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US state signs 'religious liberty' law

BBC News BBC News 6/04/2016
Protesters gathered outside of the state capital: Protesters gathered outside the state capital the day before Mr Bryant signed it into law © AP Protesters gathered outside the state capital the day before Mr Bryant signed it into law

The governor of Mississippi has signed a controversial bill that allows businesses to refuse service to gay couples based on religious beliefs.

Protesters gathered outside of the state capital: Protesters gathered outside the state capital the day before Mr Bryant signed it into law © AP Protesters gathered outside the state capital the day before Mr Bryant signed it into law

Governor Phil Bryant signed HB1523 into law on Tuesday amid opposition from equal rights groups and businesses.

Mr Bryant signed the bill into law despite pressure from equal-rights groups: Mr Bryant (left) signed the bill into law despite pressure from equal-rights groups © Getty Images Mr Bryant (left) signed the bill into law despite pressure from equal-rights groups

He said the bill "protects sincerely held religious beliefs and moral convictions".

Protesters say the bill would allow for lawful discrimination of gay, lesbian, bisexual and transgender people.

The bill comes at a time when numerous US states are passing or considering similar laws.

North Carolina recently passed a bill that revokes protections for LGBT people and requires transgender individuals to use restrooms based on their biological gender identity.

Major companies and CEOs signed on to a letter urging North Carolina Governor Pat McCrory to repeal the law.

Tech company PayPal has withdrawn its plan to open an operations centre, which would have employed 400 people, over the law.

The governor of Georgia rejected a similar bill after pressure from major companies that do business in the state.

States have been drawing up religious freedom laws, largely under pressure from religious groups, in response to the US Supreme Court ruling last summer legalising gay marriage.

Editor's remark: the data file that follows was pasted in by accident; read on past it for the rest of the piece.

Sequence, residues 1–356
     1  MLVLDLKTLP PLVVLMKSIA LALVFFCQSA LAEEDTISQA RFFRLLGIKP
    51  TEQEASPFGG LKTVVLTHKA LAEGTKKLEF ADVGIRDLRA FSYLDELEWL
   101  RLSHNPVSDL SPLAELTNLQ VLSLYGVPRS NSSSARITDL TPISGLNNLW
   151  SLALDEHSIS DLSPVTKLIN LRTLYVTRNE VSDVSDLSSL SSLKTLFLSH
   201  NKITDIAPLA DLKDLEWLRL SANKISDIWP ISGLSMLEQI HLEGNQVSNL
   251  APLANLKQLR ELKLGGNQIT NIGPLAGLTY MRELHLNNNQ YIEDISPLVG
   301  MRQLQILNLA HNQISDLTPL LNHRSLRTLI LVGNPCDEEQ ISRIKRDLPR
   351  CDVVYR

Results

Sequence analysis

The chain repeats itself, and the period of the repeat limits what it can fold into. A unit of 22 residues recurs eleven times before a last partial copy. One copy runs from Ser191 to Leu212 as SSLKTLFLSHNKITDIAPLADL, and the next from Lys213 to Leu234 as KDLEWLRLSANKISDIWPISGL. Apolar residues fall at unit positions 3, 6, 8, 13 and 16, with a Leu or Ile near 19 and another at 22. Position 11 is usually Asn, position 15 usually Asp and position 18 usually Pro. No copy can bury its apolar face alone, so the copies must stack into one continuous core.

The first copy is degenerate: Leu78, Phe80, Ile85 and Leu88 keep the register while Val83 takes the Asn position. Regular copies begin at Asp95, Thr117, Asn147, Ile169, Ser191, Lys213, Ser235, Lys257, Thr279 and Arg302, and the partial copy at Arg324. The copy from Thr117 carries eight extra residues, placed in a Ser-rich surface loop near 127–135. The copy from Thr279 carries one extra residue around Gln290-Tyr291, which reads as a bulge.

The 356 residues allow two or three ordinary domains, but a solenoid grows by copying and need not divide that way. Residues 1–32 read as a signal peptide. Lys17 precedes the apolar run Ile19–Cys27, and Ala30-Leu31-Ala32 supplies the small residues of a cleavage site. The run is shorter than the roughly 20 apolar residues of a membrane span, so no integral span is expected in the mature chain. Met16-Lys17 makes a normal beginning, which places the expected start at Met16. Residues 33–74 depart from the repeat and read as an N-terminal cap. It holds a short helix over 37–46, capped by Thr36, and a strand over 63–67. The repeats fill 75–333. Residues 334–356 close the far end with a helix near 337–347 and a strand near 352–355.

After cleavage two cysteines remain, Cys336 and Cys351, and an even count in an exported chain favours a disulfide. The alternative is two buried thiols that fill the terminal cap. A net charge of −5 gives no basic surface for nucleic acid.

The intention of the Mississippi bill, the "Protecting Freedom of Conscience from Government Discrimination Act," is to protect people who think marriage is between one man and one woman, that sexual relations should only happen in marriages and that gender is not changeable.

Mr Bryant, defending himself on Twitter after signing the bill, said the bill does not limit rights of citizens under the US Constitution and was designed to "prevent government interference in the lives of the people".

Churches, religious charities and private business can use the law to legally not serve people whose lifestyles they disagree with. Governments must still provide services, but individual government employees can use the law to opt out.

The bill also ensures that anyone who wishes to establish "sex-specific standards" for restrooms and dressing rooms is free to do so.

"This bill flies in the face of the basic American principles of fairness, justice and equality and will not protect anyone's religious liberty," the American Civil Liberties Union said in a statement following the bill's passage.

"Far from protecting anyone from 'government discrimination' as the bill claims, it is an attack on the citizens of our state, and it will serve as the Magnolia State's badge of shame."

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